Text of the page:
Stand by your brand: Don’t say anything in your brand statement that you can’t completely back up – in other words, don’t embellish the truth, lie, or mention something that you knew how to do years ago but have since forgotten. I found this out when I wrote my very first CV as I was graduating college. I didn’t know what was supposed to be on a CV, so I listed every club that I had attended at least one meeting of. When I won a math award, my CV found its way into the hands of the chair of the math department who invited me to his office for a chat. When we met for the first time, his initial words were “how many hours do you have?” I was clueless as to what he was referring, so I responded “Do you mean credits? I have probably about 130 or so credits.” And he shot back “No! How many hours do you have?” He was alluding to what I considered to be a very minor entry on my CV, a listing about how I had been a member of the scuba diving club at the American University in Cairo. And in fact not only was I not a member (I had only gone to a handful of meetings), but I wasn’t even a scuba diver. I tried it at the deep end of the pool and quickly realized it was not for me. But by listing it there I had opened the door for him to discuss it with me. Needless to say I was embarrassed, but fortunately I learned the lesson. I want to ensure that you always feel confident in communicating your value, so you can periodically do a “brand assessment” to determine if you still have mastery of the skills you mention in your statement. For example, after my semester abroad in Egypt, I took many classes in Arabic and became fairly fluent. But that was more than 10 years ago. So although at one point I did mention I was fluent in Arabic in my brand statement and on my résumé, I don’t any more. You always want to make sure when you communicate your brand that it is completely factual and that you have evidence to support it.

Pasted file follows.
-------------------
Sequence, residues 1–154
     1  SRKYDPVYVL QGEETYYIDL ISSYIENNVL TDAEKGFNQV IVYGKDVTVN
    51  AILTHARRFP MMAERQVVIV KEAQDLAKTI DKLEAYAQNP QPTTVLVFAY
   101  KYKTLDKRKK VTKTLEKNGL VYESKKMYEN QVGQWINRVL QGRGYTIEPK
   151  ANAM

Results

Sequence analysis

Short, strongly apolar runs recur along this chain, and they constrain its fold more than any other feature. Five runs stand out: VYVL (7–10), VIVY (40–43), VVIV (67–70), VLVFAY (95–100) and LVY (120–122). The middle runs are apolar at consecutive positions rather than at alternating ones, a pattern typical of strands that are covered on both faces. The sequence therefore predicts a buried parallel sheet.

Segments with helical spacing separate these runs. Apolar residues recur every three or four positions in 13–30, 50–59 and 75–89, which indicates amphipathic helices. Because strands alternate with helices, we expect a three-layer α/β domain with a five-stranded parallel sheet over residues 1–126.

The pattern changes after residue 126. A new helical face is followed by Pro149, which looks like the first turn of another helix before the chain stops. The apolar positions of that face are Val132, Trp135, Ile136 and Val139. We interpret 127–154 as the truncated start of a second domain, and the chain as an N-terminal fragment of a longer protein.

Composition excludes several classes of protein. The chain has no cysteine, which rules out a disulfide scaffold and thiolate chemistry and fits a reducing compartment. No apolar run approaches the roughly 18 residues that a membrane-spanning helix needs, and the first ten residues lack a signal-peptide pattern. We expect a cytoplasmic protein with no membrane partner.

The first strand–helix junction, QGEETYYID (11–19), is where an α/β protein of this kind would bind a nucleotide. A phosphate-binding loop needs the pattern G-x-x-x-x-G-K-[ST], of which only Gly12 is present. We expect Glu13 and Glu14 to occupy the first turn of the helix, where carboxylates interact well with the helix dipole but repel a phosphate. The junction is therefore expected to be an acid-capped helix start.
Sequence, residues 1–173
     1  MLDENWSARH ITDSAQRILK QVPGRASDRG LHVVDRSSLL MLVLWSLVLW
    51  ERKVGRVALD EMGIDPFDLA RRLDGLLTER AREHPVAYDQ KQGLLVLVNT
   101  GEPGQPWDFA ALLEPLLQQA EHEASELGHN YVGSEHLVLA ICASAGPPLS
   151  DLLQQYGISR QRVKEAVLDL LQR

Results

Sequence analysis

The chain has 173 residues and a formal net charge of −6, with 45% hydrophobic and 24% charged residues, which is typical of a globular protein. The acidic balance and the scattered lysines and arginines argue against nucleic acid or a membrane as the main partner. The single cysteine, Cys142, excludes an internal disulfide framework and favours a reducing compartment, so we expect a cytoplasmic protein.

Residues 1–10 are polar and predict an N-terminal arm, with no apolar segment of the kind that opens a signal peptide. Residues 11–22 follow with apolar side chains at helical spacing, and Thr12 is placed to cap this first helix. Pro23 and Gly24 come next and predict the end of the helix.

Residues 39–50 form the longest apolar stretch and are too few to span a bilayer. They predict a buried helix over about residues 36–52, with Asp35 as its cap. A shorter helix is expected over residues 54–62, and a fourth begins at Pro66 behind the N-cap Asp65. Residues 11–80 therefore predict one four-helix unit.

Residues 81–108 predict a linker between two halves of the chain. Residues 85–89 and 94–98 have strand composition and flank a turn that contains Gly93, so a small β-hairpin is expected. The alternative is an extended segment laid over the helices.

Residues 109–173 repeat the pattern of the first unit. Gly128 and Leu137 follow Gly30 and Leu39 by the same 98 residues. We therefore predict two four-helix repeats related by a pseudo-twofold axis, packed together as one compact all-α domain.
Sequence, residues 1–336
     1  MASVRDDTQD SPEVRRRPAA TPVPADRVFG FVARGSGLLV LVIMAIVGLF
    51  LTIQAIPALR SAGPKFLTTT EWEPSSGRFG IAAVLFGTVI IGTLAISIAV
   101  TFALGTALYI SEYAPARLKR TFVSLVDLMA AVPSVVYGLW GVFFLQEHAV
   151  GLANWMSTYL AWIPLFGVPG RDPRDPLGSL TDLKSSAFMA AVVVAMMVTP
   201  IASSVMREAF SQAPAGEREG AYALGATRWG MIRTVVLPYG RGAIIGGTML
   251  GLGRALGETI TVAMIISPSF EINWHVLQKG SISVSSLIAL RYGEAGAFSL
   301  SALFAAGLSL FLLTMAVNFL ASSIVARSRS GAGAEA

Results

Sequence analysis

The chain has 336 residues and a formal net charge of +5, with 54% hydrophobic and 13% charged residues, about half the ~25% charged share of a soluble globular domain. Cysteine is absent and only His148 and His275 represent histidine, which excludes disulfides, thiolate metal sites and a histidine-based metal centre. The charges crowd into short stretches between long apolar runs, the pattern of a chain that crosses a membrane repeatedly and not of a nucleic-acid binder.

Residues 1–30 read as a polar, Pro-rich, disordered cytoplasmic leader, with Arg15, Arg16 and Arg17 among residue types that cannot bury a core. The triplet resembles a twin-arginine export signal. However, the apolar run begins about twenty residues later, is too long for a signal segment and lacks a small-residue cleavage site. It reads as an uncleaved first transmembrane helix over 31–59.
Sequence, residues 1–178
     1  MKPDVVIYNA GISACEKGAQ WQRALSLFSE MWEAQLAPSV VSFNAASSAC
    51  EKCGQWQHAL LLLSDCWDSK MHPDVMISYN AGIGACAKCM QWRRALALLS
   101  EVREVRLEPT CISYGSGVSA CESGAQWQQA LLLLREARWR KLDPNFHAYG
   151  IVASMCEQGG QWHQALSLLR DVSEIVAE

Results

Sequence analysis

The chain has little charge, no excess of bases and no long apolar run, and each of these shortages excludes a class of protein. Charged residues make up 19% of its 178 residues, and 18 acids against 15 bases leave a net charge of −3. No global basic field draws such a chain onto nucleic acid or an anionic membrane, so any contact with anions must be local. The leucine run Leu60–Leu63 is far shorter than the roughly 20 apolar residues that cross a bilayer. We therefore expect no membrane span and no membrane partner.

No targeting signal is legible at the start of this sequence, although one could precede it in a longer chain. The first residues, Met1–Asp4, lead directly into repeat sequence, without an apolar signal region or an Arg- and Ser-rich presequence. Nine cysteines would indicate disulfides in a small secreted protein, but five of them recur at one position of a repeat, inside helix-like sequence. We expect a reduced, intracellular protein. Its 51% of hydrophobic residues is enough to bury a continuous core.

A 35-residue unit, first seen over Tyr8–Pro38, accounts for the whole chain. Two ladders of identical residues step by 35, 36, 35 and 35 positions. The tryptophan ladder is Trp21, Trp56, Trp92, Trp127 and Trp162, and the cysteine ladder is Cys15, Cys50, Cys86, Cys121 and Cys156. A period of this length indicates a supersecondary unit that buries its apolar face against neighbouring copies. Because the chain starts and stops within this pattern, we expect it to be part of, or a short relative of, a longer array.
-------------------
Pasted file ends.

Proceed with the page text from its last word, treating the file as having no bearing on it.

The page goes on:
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Your Attitude and Finding A Job